09
May
07

“Rethinking Tradition in Modern Islamic Thought” by Daniel Brown.

Definitions:
Hadith = saying (or report/statement/tale)
Sunna = way (or method)

Please note that a summary based on what I think to be the important and interesting points will be subjective. Therefore, for a more objective approach, a study of the actual book may be necessary.
Sometimes the page number is indicated, this is for those who have the book to be able to verify what I have written.

Summary of interesting & important information:

Chapters:

  • The relevance of the past: classical conceptions of Prophetic authority
  • The emergence of modern challenges to tradition
  • Boundaries of revelation
  • The nature of Prophetic authority
  • The authenticity of hadith
  • Sunna and Islamic revivalism
  • The spectrum of change

The relevance of the past: classical conceptions of Prophetic authority

The word sunna predates the rise of Islam and is well attested in pre-Islamic sources. The word sunna was likely to be applied to Muhammad even during his lifetime (p8).

The Quran never mentions sunna-al-nabi (sunna of the Prophet). The application of the term sunna is likely to be post-Quranic, especially when applied exclusively to Muhammad.

Early muslims did not give precedence of Muhammad’s sunna over other sunnas, such as the sunna of the early caliphs or early companions. The sunna term was not exclusive to Muhammad. There were no rigid distinctions about sources of religious law, i.e. it wasn’t concrete that Muhammad’s sunna could be used as a source of law.

Shafi was born in 204 AH (193 years after Prophet Muhammad’s death). He was the first to argue the Prophet’s sunna as a source of law, identified to authentic prophetic hadith, and give it an equal footing to The Quran. Different attitudes to sunna existed during Shafi, al-kalam (a particular group or school of thought) rejected hadith altogether in favour of The Quran alone. Shafi’s view was also oppossed early by schools of jurisprudence in Hijaz, Iraq and Syria, who applied the term sunna to Muhammad, his companions and the early caliphs as well.
After Shafi, it is rare to find the term sunna applied to other than Muhammad. Al-kalam argued the sunna of Muhammad should never be allowed to rule on The Quran and described the science of hadith (as in the methods used to collect hadith) as arbitrary. Evidence of this was the hadith was filled with contradictory, blasphemous and absurd traditions.

The emergence of modern challenges to tradition

In the 19th century William Muir and Alloyce Sprenger were the first Western scholars to question whether hadith really reflected the words and deeds of the Prophet. Whether its transmission was reliable, and whether the science of hadith (method of collection) was valid.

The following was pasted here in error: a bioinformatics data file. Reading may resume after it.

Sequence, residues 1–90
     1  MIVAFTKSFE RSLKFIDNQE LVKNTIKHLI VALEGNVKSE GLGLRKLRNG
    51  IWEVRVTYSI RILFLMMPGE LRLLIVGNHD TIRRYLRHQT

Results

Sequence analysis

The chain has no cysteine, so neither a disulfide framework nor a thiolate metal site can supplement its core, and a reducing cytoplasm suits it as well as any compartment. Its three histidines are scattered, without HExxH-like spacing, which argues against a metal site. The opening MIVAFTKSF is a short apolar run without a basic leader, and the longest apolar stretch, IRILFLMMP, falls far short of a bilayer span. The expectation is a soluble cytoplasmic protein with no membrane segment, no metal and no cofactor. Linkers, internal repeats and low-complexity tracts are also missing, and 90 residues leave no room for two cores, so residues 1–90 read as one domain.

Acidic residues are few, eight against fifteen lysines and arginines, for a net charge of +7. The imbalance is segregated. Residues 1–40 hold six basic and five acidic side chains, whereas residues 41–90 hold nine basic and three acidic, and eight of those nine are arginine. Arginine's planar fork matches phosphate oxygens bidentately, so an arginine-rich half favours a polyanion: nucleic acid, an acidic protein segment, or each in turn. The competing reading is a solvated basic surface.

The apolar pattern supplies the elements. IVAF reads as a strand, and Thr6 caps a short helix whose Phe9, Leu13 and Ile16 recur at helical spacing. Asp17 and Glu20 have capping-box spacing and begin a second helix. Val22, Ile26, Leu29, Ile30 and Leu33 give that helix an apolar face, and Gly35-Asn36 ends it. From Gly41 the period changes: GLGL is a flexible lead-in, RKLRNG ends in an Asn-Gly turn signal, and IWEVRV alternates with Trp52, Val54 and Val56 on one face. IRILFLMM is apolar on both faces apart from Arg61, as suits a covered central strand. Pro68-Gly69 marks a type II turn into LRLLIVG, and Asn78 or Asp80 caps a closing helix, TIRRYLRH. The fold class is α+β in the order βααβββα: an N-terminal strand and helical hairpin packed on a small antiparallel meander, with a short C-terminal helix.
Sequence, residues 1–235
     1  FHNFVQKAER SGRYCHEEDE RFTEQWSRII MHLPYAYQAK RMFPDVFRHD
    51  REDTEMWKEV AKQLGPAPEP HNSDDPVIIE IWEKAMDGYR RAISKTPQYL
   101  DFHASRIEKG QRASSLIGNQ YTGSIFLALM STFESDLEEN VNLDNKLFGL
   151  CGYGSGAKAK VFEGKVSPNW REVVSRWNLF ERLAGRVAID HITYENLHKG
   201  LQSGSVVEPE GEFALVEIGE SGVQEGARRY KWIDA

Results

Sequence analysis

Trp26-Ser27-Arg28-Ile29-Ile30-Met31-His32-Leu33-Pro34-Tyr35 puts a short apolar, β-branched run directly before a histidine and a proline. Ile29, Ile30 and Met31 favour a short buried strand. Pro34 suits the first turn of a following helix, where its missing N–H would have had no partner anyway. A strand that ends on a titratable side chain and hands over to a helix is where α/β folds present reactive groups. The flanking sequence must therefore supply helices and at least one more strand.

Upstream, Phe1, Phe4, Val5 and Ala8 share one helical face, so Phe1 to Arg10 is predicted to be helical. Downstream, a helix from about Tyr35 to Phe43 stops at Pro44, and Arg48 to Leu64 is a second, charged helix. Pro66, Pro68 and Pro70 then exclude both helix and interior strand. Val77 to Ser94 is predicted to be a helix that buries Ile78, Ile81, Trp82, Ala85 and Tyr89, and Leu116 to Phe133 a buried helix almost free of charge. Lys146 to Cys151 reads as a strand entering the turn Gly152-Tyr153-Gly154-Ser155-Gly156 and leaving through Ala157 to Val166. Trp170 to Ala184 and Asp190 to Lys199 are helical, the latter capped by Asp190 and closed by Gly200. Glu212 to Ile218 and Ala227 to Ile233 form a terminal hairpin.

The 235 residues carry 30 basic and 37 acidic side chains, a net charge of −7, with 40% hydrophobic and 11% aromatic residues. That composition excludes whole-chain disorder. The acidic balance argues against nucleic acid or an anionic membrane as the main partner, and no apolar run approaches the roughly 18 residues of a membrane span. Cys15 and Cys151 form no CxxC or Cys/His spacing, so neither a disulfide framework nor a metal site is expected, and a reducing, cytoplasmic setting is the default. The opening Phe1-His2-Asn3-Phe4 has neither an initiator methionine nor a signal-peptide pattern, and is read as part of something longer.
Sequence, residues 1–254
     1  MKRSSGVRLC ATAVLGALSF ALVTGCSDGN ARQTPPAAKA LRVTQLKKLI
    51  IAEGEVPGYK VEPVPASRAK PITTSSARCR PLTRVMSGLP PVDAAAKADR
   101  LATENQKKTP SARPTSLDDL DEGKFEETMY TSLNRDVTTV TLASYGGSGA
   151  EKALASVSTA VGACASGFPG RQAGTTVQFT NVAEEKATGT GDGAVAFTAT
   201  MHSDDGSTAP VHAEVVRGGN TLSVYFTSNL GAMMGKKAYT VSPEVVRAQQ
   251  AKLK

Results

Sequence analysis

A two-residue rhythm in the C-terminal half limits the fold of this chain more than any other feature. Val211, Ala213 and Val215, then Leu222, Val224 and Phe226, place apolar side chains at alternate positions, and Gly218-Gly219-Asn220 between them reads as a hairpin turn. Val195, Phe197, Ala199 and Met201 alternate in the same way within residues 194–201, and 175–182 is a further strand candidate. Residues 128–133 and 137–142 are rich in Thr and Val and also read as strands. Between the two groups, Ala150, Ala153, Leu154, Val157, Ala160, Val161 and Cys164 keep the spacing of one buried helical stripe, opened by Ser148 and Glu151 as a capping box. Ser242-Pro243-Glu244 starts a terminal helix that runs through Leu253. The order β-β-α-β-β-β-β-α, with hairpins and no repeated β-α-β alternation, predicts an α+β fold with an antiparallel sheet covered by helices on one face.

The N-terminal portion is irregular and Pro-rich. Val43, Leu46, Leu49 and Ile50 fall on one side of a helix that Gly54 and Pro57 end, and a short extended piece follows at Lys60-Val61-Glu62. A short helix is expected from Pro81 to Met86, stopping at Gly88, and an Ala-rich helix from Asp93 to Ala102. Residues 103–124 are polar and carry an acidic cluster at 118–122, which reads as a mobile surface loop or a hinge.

In the 18th century, because of the decay of the society around them Muslim reformers diagnosed the problem as straying from the original sources, The Quran and sunna (p22). Shah Wali Allah in the 18th century stressed the need to re-examine the hadith and sunna with respect to legal aspects. Shawkani emphasised the trend towards increased stringency and rigorous scholarship in hadith studies. He was willing to reject the whole structure of classical Islam or at least subject it to tests, including all sunna and hadith. The rejection of much of the classical tradition by Shawkani and the followers of Shah Wali Allah and their use of hadith to critique this tradition represents a significant divergence from the attitudes of classical law schools towards the sunna. Both figures were not alone in this view, people before and also after held this view, they were simply the two main scholars who approached this topic. They prepared the ground for rigorous hadith based reform movements in the 19th and 20th centuries (p26).

The first major challenge to sunna in the modern period came from the great Indian modernist Sir Sayed Ahmed Khan (SAK), who lived from 1817 to 1898. He eventually came to reject all hadith as unreliable, however he never fully rejected the authority of sunna. He severely curtailed its scope, and called for new methods of evaluating it and insisted on its subordinate (lower) position with respect to The Quran. SAK worked on the following: a commentary on the bible, it was an attempt to establish an Islamic framework within which The Bible could be understood and accepted as a product of divine revelation. In the course of this venture, he was confronted with Western methods of Biblical criticism about questions of inspiration and revelation which caused him to examine his attitudes on corresponding Islamic questions. By accepting the Christian scriptures as revealed he was faced directly with the problem of recording the form of the Biblical text with Muslim preconceptions about what a revealed book should look like.